Six weeks ago or thereabouts, the good Dr. Cocktail set a little corner of the cocktail- & tiki-blogging community a-twitter with an in-depth discussion of the classic Barbados liqueur / sweetener known as falernum. As those who, for some inexplicable reason, have been visiting this blog since last summer may attest, I’ve been on a sporadic quest to create my own falernum, one that will compare in flavor and surpass in freshness the commercial brands that are available (in certain markets, typically not Seattle, which was another impetus behind taking on this mission). After Doc’s story came out, I talked big about having landed the Giant Falernum, then quickly had to scurry into my kitchen to make sure I knew what I was talking about.
I didn’t, but that’s nothing new.
Still, by that point I’d got my hackles up — no falernum’s going to make a monkey outta me! — and I embarked on several more rounds of falernum experimentation before finally arriving at this recipe. I liked it fine, but distrusting my tastebuds, I took some to Tales of the Cocktail where I sought the expert opinions of Dr. Cocktail and Jeff “Beachbum” Berry. The experts succeeded in getting a taste down without gagging, making me damn proud, and Doc even gave me an uneasy smile before offering me $5 to go sit at a different table. I consider that a ringing endorsement.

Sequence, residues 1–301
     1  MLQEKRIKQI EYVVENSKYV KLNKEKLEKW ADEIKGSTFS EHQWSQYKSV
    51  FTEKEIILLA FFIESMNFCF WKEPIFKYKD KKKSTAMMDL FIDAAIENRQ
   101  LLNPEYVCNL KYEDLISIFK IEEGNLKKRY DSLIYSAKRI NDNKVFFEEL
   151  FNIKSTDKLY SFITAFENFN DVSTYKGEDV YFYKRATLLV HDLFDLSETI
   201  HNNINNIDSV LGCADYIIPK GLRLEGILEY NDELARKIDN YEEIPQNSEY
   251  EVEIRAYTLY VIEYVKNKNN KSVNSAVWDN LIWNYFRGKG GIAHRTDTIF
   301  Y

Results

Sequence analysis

Now, as I’m kind of tired of messing with the recipe — you have no idea how my family is reacting to a refrigerator full of mason jars with green, funky-smelling liquids in them (and that’s in the spaces between the vermouth bottles) — I thought I’d share it with my readers. Both of you.
- 6 ounces Wray & Nephew Overproof White Rum
- zest of 9 medium limes, removed with a microplane grater or sharp vegetable peeler, with no traces of white pith
- 40 whole cloves (buy fresh ones — not the cloves that have been in your spice rack since last Christmas)
- 1 1/2 ounce, by weight, peeled, julienned fresh ginger
Combine these ingredients in a jar and seal, letting the mixture soak for 24 hours. Then, strain through moistened cheesecloth, squeezing the solids to extract the last, flavorful bits of liquid.
- 1/4 teaspoon almond extract*
- 14 ounces cold process 2:1 simple syrup (two parts sugar to one part water, shaken in a jar or bottle WITHOUT HEAT until all the sugar is dissolved)
- 4 1/2 ounces fresh, strained lime juice
Shake it all together and serve.
Is it the be-all and end-all of falernums? Of course not — rather, it’s an easy and cheap way to make a fairly obscure flavoring that’s essential in a class of exotic drinks. As it uses fresh ingredients, it has (to my palate) a better aroma and snappier flavor than the commercial brands I’ve tried. Of course, this freshness also limits its shelf life, so make small batches — this recipe may easily be halved — keep it refrigerated and use it within a month or so. Either chuck the old falernum or, better yet, just have a big swizzle party before your batch expires.
You can also customize this recipe. If you really like the tartness of the Fee’s falernum, for example, you can either add more lime juice (be careful though; the flavor will take over) or you can track down some citric acid crystals and add them to your mix (it won’t be as natural and pure, of course, but what the hell — it’s your drink).
If anyone decides to give this a spin, toss a note my way in the comments — I’m curious to hear what other folks think.